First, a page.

The Financial Accounting Standards Board and the International Accounting Standards Board are revealing further details about their long-stalled plans for creating a Disclosure Framework to help accountants decide on which notes to include with financial statements.

In response to questions from various stakeholders, FASB said Thursday that its staff has created a Q&A fact sheet consisting of questions and answers that should help clarify the facts about FASB’s Disclosure Framework project (see Accounting Boards Work to Cut Disclosure Overload). The project is designed to lead to disclosures that clearly communicate the information that is the most important to users of financial statements for public and private companies, and not-for-profit organizations.

The fact sheet also provides more information on how the project comprises two components: FASB’s decision-making process and the entity’s decision-making process.

The fact sheet answers a number of questions, including:

• Is the primary goal of the disclosure framework project to reduce the volume of the notes to financial statements?

• Don’t existing disclosure requirements lead to unnecessary volume?

• Will the board’s decision process require preparers to disclose predictions and forecasts of future cash flows?

• Will disclosure overlap between U.S. GAAP, SEC rules, and other regulatory requirements be eliminated?

• Will the board’s decision process address interim reporting?

• How are investor concerns being taking into account in the project?

• How does the disclosure framework project relate to private companies?

IASB Disclosure Initiative
The International Accounting Standards also said Thursday that it has formed a new staff group to work on its own Disclosure Initiative. The IASB noted that it has been developing both short- and medium-term strategies to address concerns about how financial information is disclosed. The work gained momentum after the IASB’s public Discussion Forum on Disclosure, which was held in London in January of this year. In June, IASB chairman Hans Hoogervorst announced a 10-point plan as the first step in the initiative.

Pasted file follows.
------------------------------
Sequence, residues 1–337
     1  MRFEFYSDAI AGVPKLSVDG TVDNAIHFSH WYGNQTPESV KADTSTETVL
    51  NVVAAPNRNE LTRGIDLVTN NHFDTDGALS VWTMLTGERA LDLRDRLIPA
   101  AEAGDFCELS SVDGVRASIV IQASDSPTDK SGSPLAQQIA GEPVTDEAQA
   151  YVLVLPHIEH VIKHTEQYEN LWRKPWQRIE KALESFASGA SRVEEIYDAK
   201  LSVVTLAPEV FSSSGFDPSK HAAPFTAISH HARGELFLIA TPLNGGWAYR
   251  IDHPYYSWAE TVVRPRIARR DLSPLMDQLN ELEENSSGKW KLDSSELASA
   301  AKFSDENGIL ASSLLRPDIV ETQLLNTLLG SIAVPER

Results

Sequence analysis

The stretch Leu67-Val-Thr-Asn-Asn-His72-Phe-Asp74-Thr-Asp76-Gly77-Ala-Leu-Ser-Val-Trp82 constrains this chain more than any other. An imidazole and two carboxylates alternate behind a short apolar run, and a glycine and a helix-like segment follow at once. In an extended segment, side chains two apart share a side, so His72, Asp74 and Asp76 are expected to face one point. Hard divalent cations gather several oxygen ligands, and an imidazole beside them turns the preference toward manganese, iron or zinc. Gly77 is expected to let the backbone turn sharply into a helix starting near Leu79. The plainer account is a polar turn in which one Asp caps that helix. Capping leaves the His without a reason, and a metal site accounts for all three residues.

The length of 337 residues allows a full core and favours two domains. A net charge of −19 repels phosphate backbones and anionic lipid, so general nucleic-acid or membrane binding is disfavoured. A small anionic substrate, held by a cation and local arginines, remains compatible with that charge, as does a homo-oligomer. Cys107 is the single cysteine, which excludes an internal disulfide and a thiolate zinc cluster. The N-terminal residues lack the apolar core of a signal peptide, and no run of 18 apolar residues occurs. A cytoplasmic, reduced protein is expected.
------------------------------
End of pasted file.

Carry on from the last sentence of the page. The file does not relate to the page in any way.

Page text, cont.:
The IASB’s Disclosure Initiative brings together members of the IASB’s standard setting team with the eXtensible Business Reporting Language, or XBRL, team, and will be led by Kristy Robinson, an IASB technical principal.

The IASB noted that the creation of a combined team of standard setting and electronic reporting experts reflects the increasing importance of electronic filing of financial information. The integration of the XBRL team into the IASB’s work program will also complete a major aspect of the recent strategic review of XBRL by the International Financial Reporting Standards Foundation Trustees, who oversee the work of the IASB.

XBRL and IFRS Taxonomy development have been led for the last six and a half years by IASB director of XBRL activities Olivier Servais. He noted that this new chapter for XBRL development at the IASB will give him the opportunity to return to his native Belgium. “Integrating XBRL and our taxonomy development with the mainstream standard setting processes is a significant and positive milestone,” Servais said in a statement. “Now that the IFRS taxonomy is becoming widely adopted and implemented, it makes a perfect time for me to move on.”

Hoogervorst noted that the Disclosure Initiative is an important development for the IASB. “We are determined to improve how financial information is communicated, including working with regulators on electronic filing requirements,” he said in a statement. “Olivier can be very proud of his team’s achievements over the last six years, and I would like to thank him for his contribution to the organization.”

The new team also includes staff members from the German national accounting standard-setter, the DRSG. More information is available on the project pages of the IASB’s Web site, www.ifrs.org.